WASHINGTON – Supply strains caused by rising demand for soybeans from China and corn for ethanol are fueling the rapid rise in world food prices, according to a study by Purdue University economists.

Greater biofuels consumption and China’s demand for oilseeds required 46.5 million acres of U.S. farmland in 2010, almost triple the amount in 2005, the researchers said in a study released Tuesday in Washington, D.C. A weaker dollar that’s made U.S. exports more attractive, weather disruptions and demand that has become less responsive to supply disruptions have added to price pressures, according to the report.

“The current tight-stocks period and relative high prices are expected to continue for the next one to two years,” the authors said in the study. “Ultimately, the question is whether world supplies can not only catch up with recent demand increases, but keep pace with demand growth over time.”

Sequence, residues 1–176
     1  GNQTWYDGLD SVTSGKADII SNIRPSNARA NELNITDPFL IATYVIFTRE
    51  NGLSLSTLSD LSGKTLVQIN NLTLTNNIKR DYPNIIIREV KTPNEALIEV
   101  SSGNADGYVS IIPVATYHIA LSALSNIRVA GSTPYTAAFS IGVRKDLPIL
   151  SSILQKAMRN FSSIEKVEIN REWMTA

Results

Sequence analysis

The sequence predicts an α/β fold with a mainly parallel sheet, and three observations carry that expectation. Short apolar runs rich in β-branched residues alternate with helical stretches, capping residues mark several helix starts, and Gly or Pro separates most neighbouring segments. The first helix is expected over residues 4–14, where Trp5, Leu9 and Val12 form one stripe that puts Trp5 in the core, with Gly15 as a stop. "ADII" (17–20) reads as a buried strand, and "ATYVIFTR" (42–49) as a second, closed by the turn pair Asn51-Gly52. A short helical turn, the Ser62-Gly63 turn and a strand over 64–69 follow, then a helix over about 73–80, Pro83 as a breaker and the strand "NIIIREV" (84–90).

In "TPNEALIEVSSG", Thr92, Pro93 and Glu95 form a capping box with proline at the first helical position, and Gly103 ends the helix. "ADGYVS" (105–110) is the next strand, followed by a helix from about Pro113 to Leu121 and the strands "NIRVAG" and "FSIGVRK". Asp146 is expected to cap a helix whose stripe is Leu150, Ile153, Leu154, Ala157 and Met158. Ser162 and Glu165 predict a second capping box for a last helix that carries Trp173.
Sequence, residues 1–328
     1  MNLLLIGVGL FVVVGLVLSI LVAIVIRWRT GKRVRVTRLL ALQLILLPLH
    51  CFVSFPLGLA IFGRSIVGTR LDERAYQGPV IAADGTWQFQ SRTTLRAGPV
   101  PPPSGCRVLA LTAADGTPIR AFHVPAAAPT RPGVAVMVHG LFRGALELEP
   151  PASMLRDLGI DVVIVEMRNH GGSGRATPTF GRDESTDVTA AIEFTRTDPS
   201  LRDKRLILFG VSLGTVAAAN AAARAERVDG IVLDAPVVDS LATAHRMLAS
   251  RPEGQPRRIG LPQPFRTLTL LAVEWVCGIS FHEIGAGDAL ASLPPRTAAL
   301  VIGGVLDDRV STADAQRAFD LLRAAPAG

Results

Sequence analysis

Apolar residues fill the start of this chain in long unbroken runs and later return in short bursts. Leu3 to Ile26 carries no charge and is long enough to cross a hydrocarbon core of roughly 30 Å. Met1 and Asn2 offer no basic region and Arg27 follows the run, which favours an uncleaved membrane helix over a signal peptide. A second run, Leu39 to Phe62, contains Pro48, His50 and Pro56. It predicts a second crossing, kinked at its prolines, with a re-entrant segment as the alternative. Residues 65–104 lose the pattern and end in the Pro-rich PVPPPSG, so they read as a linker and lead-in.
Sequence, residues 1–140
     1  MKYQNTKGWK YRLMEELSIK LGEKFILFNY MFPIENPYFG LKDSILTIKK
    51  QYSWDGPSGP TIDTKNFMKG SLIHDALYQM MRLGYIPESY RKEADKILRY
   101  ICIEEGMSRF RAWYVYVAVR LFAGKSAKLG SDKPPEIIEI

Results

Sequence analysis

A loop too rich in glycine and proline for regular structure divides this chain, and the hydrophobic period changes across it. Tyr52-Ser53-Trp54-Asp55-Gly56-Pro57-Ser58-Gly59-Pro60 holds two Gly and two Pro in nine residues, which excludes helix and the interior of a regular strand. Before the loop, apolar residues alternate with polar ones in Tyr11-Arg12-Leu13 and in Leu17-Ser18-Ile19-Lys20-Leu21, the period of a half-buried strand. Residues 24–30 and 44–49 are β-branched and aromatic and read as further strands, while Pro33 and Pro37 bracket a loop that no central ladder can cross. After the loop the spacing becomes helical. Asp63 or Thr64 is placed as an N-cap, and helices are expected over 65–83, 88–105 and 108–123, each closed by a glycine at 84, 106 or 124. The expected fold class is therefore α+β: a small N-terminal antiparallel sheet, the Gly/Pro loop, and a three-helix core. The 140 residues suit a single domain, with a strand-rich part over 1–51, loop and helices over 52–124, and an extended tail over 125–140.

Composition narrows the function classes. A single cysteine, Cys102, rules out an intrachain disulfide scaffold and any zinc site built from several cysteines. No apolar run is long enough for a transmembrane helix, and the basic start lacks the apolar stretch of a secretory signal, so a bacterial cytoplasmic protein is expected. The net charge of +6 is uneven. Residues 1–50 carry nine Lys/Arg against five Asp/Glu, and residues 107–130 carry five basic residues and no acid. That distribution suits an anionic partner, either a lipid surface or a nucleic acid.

Global food prices have soared 39 percent in the past year, reaching a record in February, according to U.N. data. The increased costs have contributed to the unrest in northern Africa and the Middle East that resulted in the overthrow of leaders in Tunisia and Egypt. U.S. food expenses rose 3.7 percent in the 12 months through June, government data show. During that period, rice, wheat, corn, soybean and milk futures touched the highest levels since at least 2008.

The report was released at a forum in Washington sponsored by the Farm Foundation, the Oak Brook, Ill.-based non-profit organization dedicated to agricultural issues that commissioned the study. The Purdue study, produced by Wallace Tyner, Philip Abbott and Christopher Hurt, did not assign proportions to how much each factor was driving food prices.

source: journalgazette

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